How To Tell Someone You Won’t Sign Their NDA

“Will you sign my NDA?” is one of those awkard questions I get fairly often. Over time I’ve used a few different responses for why I won’t sign. Here are three of my favorites.

Pithy Yet Effective

No. Next question.

This is best used when spoken in a British accent, and wearing a Simon Cowell-esque outift. You can preface it by saying “I’m not trying to insult you but…” for added effectiveness.

Idealistic

I’m really sorry but I can’t. I believe that ideas need air. Very often the people who demand that an NDA be signed are first time entrepreneurs. I know from experience as a young entrepreneur that a free exchange of ideas will be thousands of times more helpful than trying to shelter your concept from getting Winklevossed. You’ll learn a lot more by getting your idea out in the open. Not only that, but most of the helpful people you’re going to meet in the startup scene won’t sign an NDA if you want to talk to them.

I think this is the most important reason not to make people sign an NDA, but I don’t like using it because it sounds very paternalistic. Many people will agree with this, but be prepared for further protestations from more belligerent conversationalists. The people that protest the most vigorously will very often be building things that uniquely rearrange the words “social”, “location-based”, and “gamified” into fun combinations.

Pragmatic

I can’t and here’s why. I talk to startup people about their ideas every day. If I had to sign an NDA for every idea I heard I literally wouldn’t be able to talk to anyone without fear of violating the terms of some agreement I signed 3 months ago. It would just be an untenable situation for me. I’d love to talk to you more about your idea, but I understand if you’d rather keep it protected.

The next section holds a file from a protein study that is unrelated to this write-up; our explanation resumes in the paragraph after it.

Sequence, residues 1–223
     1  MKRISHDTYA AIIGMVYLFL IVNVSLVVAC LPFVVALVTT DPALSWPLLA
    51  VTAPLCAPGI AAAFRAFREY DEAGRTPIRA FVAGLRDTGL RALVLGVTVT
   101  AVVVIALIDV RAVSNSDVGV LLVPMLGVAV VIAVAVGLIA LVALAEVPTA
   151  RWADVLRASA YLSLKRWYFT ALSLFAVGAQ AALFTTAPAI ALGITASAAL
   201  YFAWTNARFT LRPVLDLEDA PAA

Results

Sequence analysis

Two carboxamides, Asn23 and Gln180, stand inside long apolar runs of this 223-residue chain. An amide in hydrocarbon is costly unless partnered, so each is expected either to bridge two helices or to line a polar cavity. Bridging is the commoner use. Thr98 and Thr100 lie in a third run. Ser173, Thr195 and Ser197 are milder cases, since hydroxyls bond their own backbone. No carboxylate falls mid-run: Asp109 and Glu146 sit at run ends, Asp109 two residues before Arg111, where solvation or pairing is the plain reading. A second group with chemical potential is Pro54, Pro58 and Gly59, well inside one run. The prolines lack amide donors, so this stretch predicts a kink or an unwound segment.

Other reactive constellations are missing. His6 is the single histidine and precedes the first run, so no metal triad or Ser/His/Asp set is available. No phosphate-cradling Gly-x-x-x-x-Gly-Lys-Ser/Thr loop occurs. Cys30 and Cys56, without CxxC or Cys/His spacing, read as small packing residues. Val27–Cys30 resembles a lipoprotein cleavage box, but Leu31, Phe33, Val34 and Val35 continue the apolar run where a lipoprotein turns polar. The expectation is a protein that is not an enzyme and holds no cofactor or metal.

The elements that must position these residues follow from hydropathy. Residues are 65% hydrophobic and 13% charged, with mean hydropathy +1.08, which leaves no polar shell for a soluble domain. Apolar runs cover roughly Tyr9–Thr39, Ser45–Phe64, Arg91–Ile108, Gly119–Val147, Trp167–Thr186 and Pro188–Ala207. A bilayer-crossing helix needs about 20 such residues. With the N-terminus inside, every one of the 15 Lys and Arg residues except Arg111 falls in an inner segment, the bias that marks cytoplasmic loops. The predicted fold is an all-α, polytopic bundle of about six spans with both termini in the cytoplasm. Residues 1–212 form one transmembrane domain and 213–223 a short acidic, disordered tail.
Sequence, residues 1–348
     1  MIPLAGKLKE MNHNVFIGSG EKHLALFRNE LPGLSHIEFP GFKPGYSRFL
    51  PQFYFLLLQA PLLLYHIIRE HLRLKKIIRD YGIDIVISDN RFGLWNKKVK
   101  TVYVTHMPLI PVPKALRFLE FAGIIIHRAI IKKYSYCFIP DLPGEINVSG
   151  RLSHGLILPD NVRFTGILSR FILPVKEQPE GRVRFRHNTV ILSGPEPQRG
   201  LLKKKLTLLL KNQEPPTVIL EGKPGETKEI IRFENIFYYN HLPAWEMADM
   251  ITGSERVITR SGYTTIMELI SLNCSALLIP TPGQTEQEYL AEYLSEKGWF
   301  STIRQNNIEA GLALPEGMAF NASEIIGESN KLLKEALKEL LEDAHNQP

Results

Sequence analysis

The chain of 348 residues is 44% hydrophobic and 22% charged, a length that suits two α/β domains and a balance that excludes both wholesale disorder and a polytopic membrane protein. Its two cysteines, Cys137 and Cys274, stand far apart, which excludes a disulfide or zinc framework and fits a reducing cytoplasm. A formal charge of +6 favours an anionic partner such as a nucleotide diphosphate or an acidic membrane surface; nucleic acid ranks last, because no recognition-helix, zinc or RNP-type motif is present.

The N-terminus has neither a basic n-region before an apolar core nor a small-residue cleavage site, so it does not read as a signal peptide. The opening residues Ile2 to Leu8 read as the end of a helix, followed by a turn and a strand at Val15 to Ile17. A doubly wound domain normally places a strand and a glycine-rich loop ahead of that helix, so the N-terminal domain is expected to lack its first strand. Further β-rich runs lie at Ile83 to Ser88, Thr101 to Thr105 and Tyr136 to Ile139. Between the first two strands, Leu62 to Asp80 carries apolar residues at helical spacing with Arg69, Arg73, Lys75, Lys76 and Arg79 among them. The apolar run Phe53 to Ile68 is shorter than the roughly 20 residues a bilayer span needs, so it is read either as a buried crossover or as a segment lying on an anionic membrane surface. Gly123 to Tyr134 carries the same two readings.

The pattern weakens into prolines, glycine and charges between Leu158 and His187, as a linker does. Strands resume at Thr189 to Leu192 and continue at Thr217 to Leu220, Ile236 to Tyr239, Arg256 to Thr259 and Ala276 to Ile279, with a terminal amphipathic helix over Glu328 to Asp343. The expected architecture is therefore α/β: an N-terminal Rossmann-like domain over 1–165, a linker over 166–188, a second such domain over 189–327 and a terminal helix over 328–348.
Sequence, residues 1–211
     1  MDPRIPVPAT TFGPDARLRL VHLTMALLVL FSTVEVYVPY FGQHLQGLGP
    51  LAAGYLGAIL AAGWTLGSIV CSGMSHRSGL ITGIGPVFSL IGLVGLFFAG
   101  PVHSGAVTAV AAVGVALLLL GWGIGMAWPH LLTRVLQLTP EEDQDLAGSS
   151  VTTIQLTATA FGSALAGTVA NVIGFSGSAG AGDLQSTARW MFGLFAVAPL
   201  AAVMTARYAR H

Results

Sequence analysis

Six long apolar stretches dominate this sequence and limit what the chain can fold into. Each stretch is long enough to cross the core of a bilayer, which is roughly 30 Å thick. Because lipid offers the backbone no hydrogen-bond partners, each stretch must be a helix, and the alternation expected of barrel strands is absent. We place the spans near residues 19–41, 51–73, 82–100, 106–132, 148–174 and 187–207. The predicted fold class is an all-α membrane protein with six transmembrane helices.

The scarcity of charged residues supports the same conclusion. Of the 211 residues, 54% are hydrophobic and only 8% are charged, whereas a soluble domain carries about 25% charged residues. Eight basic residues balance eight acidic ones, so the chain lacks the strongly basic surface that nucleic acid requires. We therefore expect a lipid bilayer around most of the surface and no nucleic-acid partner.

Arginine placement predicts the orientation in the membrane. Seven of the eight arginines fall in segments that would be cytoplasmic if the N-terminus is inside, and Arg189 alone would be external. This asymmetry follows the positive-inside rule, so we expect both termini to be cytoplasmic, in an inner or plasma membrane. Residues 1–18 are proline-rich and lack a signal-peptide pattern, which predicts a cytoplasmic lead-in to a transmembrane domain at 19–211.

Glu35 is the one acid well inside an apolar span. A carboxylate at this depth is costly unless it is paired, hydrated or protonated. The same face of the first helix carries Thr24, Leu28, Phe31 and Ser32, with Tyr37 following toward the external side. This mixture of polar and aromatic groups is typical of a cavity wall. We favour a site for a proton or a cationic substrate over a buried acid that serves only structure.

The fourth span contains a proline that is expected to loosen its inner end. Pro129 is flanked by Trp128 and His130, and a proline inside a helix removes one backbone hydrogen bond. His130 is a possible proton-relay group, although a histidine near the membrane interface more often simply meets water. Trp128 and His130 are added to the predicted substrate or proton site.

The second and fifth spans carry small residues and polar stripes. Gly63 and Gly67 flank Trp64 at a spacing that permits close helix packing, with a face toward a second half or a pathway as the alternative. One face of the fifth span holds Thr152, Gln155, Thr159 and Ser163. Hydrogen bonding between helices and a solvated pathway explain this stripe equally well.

This is fantastic because it doesn’t sound like you’re knocking their ability as entrepreneurs, and puts the blame firmly on the broad-range of your social calendar – always a plus.

I hope this helps someone skirt around the NDA question. And if you’re someone who believes that an NDA is necessary to the success of your nascent startup dreams, I urge you to have a little more faith in people. They may surprise you.

If you read this far you should probably follow me on Twitter.

P.S If none of these satisfy you and you want to send them back a fake NDA you can use a project I built a while ago called absurdNDA. Enjoy.


12 Jan 2012, 1:48am | 2 comments

  • Brett Topche

    The last one is pretty much the standard VC answer. We see so many companies, that to sign and uphold an NDA with everyone would be impossible. On the flip side, our ability to do business depends on entrepreneurs’ willingness to share their ideas with us. If we become known as “the guys who spill the beans”, no one will tell us what they’re up to and we’ll be out of business. That’s a far more powerful incentive than any NDA.

  • Dan Shipper

    Good point. The entrepreneur community is still relatively small there's a big incentive so maintaining a trustworthy reputation is a strong incentive.

 

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